Bad Ass

Recently, a widowed person told me I am a “Bad Ass”.  She said this in relation to what she views as my bravery and courage.  I assure you, I do not view myself as particularly brave or courageous.  I feel like an ordinary, if not slightly disorientated and haggard, middle aged woman.  Sure, I know that I am capable of tough stuff.  Mike's death has assured me of this; but, all this aside, I am just a normal woman who has been forced to navigate some big challenges in her lifetime. 

If the past is a predictor of the future, then I know that I should be okay.  In my life, I have managed to be successful in most of my endeavours because of my hard work and consistent effort.  Even prior to being Mike's widow, I had to exercise my tenacity.  I've lived long enough that I have field tested my fortitude on several occasions and the results have usually been favorable.  I know I can adapt to the curveballs life throws me.  Still, none of this qualifies me as a Bad Ass.  Or does it?

I have witnessed the strength of the human spirit.  I've stood in awe of ordinary people who have survived very difficult things because they simply must. These people were somehow able to shed their regular run of the mill "strongness" for something extraordinary.  They adapted because their survival demanded it.  These people traded ordinary for extraordinary because it was required of them.  They cloaked themselves in superhuman strength because all human beings have a strong desire to live forward in spite of the awful things that can happen during the course of a lifetime. 

Grief requires ordinary people like us to dig deep.  And, when we are tired and think that we can not continue a moment longer, grief forces us to dig even deeper.  Grief demands that we find our super power again and again and again.  As widowed people, we flex our inner Bad Ass every day.  

 

Recently, in an online group, we were discussing solo travel.  A group member mentioned that she thought I was a "Bad Ass" because I went to Europe with Heather this summer and we drank whiskey on a train in Ireland.  Huh?  I just thought I was drinking whiskey on a train in Ireland.  I never gave it any real thought past that.  I certainly didn't feel Bad Ass.  But, I did feel happy while I was abroad; and, in widowhood, that in and of itself is pretty Bad Ass.

My good friend Robyn has done a lot of solo travelling in her life and I admire her for her wanderlust spirit.  She has travelled to a few different continents since her husband died.  She has been to Nepal hiking with her daughter, alone she has walked the El Camino (on my bucket list), and this winter she has gone diving in the Red Sea; and as I type this she is off to the Galapagos Islands.  This woman is a true adventurer and Robyn is one of widow heroines. 

A member of our online travel group marvelled at how we have travelled without our spouses.  She was impressed that we could do this without "crumbling".  I assured her that we do come undone at times; however, like true wanderlusts, our recovery period is relatively short and our impulse to salvage the trip is always strong.  Our perseverance is simply on the ready.  And, a moxie lives inside us that allows us to be resilient without seemingly much force.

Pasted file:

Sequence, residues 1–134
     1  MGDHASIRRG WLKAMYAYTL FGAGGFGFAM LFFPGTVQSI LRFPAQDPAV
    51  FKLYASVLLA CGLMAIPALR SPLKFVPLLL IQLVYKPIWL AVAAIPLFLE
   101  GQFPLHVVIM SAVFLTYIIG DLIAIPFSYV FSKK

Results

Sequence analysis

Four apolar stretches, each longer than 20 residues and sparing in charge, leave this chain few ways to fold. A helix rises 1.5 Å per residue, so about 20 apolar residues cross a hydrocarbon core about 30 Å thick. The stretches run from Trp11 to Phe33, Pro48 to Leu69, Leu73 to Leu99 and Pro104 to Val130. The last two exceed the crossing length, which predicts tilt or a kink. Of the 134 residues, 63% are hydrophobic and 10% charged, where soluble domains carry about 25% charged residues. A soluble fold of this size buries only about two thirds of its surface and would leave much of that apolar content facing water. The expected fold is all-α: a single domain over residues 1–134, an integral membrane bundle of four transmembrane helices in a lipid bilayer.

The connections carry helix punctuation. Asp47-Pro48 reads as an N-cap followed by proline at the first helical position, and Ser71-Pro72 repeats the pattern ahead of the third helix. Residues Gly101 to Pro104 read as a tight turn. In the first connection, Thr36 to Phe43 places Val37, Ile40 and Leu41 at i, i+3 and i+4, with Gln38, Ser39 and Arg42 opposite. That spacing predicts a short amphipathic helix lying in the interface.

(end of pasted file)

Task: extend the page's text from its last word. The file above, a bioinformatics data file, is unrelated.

You might be wondering, how does one become a Bad Ass widowed traveller?  Well, I think you just do it.  You do your research.  You figure out the logistics.  You book the trip.  That's what Heather and I did.  We spent many lunch hours and evenings emailing one another possible tours and hotel and Airbnb choices. Together, we made decisions and then we bought the tickets and we went. 

 

Heather and I on the Seine river cruising towards the Eiffel Tower ~ July 2019

 

Our trip abroad was fabulous and I yearn to return to Europe.  But, not all trips need be far away to satisfy your wanderlust.  You can travel by car or by train.  You can take day trips locally.  Travel, like life, is as easy or as complicated as you want to make it.  Sure, travel is not always smooth.  Things don't always go according to plan.  Often, you need to adapt and change course in response to something unplanned.  As widowed people, we are masters at this.  We live a changed and alternate life every single day.  We know how to adapt to a changes.  Daily, we make something hard look relatively easy.  But, rest assure, travelling and widowing is not easy for any of us - even us Bad Asses - but we do it anyhow.

I know that I am built with grit. Heather is too; and, from what I have come to know, Robyn is also a gritty gal.  This is simply how we are all wired.  This does not make us brave or strong.  This is just our natural spirit.  All three of us have a strong desire to seek joy.  And, we still love life, in spite of the mess we have been forced to recreate our lives in.  We want to see the world; and, yes, dammit, we wanted to travel the world that with our men John, Ritch and Mike.  But, these three wonderful men died.  So, here we are, living life without them.  It is hard.  It is not fair.  And, it is far from easy, but there is nothing else can we do.  

And, yes, like all widowed people, the three of us do "crumble" once in a while like everyone else; however, our instinct to adapt and change to meet the needs of the situation is well developed.  And, with practice, everyone can exercise and better develop their moxie. 

I'm certain that there is a little “Bad Ass” in all of you reading this,

~Staci


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  • Kelly Goskusky
    commented 2020-01-16 19:45:05 -0800 · Flag
    My husband, best friend, and soul mate of 30 years passed away on 1/3/2020 after a 2 month illness from a very rare and aggressive thyroid cancer. My new goal is not to just survive this gut wrenching pain but to be “bad ass”. I completely understand and appreciate your words. Thank you and God bless you.